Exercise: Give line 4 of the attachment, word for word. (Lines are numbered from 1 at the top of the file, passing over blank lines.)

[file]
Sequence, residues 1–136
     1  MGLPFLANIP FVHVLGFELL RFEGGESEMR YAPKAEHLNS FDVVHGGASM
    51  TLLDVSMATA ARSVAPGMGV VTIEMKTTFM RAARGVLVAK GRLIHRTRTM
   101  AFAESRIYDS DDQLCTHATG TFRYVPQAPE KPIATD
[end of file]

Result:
   101  AFAESRIYDS DDQLCTHATG TFRYVPQAPE KPIATD